Q5. What strategies have you seen developing in the UK over the past 6-12 months to address mental health in the workplace?  As a whole, more focus has been given to mental health at the workplace as organizations realize the stress and high level of demands have taken a toll on their workforce. Deloitte’s global stats on how poor mental health costs the UK £42b-45bn a year has made many organizations focus on their internal strategies. I have had many conversations with senior leadership regarding how high costs related to presenteeism, sabbaticals, and sick leave can truly be detrimental to the business. Within my organization, I have encouraged senior leadership to have a very open and honest dialogue about the importance of mental health to their workforce. This vulnerability is key where it makes leadership human, and that connection is made between employer and employee. After these initial small but very important steps, we were able to bring in external psychologists for 1:1 therapy and host a series of webinars on mental health-related topics such as anxiety, depression, and burn-out. We introduced a network of Mental Health First Aiders and partnered up with a digital platform to provide scalable support to employees. It was through consistent messaging and varied options for the workforce that made mental health more acceptable at the workplace – truly driving a global culture change.


Q6. Are there noticeable differences between where the UK is in terms of ending the stigma of mental health at work, compared to Canada?   Where are we similar/where do we differ? – I believe the UK is a bit more advanced as more and more organizations are backing the importance of it having specific mental health strategies at their workplace. I think North America as a whole can take a few tips from the UK and understand how they can make small changes to push the dial. Often, companies don’t think small changes will do much however I have seen and proved within my organization that small changes do in fact drive true change – not only for the services we provide but how people perceive mental health – slowly chipping away at the antiquated stigma. Unfortunately, whether it’s the US or Canada, speaking about mental health is perceived as a weakness – and It does not sit well within the corporate environment. I have seen various Tech companies making strides, however, more can be done as we face new challenges every day that is different from the UK.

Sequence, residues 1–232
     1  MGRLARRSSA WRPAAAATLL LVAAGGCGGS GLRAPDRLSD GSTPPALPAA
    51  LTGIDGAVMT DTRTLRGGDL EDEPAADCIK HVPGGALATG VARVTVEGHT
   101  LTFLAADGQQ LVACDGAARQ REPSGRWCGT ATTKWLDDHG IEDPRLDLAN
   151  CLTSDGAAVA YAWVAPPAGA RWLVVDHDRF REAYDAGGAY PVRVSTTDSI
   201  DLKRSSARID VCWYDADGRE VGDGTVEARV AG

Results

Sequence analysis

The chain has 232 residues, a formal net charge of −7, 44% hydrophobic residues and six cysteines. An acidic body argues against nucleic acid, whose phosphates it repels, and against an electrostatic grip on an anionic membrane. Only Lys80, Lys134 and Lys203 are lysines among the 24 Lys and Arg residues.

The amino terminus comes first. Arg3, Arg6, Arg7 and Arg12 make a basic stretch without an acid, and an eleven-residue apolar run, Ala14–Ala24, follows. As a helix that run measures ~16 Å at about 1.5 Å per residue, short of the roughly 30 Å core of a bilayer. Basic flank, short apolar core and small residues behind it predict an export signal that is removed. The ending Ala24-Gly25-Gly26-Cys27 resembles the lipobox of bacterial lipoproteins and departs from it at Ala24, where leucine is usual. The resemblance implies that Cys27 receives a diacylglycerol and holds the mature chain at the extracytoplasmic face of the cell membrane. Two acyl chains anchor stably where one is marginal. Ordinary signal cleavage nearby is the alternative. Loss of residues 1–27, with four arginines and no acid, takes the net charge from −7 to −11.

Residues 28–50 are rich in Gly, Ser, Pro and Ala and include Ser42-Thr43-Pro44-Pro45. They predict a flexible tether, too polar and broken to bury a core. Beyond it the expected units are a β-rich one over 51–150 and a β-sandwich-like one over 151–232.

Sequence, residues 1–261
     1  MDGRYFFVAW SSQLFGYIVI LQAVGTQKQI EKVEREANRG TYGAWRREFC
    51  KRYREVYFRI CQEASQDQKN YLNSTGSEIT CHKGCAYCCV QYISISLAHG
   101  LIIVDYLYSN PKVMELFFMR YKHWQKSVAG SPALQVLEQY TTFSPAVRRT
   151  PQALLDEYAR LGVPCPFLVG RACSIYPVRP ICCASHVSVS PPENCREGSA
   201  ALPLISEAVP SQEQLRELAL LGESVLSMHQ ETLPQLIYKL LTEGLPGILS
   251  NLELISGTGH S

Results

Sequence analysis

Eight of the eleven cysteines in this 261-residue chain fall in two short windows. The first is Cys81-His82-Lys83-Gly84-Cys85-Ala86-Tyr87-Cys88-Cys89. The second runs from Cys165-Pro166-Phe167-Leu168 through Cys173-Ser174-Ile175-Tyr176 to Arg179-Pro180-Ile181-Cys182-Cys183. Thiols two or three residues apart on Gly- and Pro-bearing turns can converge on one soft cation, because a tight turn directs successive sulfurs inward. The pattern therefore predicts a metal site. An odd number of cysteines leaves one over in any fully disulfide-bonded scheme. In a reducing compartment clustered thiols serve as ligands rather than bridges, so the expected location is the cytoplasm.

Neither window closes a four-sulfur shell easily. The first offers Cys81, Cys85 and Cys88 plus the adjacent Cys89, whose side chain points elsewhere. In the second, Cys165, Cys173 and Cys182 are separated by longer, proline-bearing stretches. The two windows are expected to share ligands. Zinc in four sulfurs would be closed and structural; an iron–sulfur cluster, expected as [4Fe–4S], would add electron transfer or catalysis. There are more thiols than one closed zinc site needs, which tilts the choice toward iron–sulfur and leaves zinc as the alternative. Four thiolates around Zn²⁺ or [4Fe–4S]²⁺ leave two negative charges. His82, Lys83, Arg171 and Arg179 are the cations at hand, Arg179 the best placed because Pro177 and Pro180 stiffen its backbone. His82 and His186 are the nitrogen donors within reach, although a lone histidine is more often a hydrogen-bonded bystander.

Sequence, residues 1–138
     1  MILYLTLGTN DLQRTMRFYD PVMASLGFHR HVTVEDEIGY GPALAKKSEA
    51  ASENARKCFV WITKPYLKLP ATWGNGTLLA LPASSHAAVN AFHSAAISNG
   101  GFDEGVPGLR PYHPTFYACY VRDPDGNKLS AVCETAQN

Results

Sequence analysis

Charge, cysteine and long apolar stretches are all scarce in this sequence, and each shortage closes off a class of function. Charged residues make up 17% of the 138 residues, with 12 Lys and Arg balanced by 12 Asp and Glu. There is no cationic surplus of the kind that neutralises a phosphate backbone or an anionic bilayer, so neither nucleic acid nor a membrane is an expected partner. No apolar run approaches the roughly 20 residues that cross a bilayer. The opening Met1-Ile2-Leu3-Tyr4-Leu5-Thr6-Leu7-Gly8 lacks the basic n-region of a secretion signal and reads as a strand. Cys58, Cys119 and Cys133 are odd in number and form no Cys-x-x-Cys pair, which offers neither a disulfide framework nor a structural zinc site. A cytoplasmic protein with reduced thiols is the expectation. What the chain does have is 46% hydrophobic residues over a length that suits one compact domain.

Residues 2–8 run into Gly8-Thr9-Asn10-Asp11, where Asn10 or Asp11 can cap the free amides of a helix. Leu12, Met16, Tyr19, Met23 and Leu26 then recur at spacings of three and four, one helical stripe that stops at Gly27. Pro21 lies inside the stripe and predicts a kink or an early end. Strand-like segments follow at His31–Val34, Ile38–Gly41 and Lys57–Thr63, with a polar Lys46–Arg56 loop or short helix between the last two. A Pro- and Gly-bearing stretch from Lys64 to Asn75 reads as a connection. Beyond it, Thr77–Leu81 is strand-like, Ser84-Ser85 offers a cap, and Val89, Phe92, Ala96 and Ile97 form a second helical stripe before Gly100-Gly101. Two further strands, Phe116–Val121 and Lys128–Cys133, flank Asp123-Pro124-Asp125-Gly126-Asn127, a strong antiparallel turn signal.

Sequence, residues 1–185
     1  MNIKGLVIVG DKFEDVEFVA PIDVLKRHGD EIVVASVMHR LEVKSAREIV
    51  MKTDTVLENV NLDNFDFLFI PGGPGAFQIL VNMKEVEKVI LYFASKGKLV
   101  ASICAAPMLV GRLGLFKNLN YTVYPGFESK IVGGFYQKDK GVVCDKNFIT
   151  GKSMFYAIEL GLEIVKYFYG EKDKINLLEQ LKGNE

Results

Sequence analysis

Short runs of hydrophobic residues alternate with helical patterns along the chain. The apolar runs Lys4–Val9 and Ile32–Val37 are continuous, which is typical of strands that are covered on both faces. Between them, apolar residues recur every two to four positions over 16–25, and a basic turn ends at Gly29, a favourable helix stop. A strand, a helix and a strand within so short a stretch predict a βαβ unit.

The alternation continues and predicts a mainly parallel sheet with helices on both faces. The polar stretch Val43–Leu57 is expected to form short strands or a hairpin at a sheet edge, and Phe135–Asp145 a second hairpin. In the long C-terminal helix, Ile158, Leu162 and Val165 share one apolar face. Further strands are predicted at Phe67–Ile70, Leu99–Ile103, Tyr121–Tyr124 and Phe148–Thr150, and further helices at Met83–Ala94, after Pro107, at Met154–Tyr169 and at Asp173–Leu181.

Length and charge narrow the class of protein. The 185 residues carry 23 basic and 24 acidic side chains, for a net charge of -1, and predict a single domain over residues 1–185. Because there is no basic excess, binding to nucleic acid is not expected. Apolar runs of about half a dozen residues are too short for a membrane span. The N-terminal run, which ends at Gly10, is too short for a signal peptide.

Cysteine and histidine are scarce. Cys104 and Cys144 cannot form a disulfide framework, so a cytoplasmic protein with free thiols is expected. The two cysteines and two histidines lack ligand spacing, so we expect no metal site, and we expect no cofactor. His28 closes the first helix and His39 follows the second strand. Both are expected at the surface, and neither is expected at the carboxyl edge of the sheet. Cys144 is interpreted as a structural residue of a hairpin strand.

Q7. What are you most looking forward to about speaking at our virtual Toronto and London events? – To speak about the work I have been involved in and learn about what amazing work others are doing. Change does not happen in isolation and I am really excited to collaborate and learn from others in the industry.



Q8. Tell us, what’s your vision for the workplace of the future, in terms of diversity and inclusion, mental health and wellbeing? – I hope in 20+ years’ time, people are seen more than their external attributes and taken seriously on what they can provide. I hope across all affinity groups – people are appreciated and are not forced to conform to the majority at the workplace. Mental health will be normalized as physical well-being, or even put in a higher category as we advance in society.



Q9. Covid-19 has undoubtedly had an effect on all areas of employees personal and professional lives. What are the key learnings from this period and how can we support each other through uncertainty? – We can’t solve this pandemic necessarily and there will be days that will be incredibly challenging for us a leaders – and for our employees. It’s keeping that honest conversation alive so the human connection does not wither away as we progress through these times. Even after this pandemic, we should continue to carry our empathy with our colleagues.


To learn more about diversity in the workplace and hear more from Bhavik, sign up to join our virtual Wellbeing @ Work Summit for our Canadian audience and our London audience, respectively.

Bhavik Shah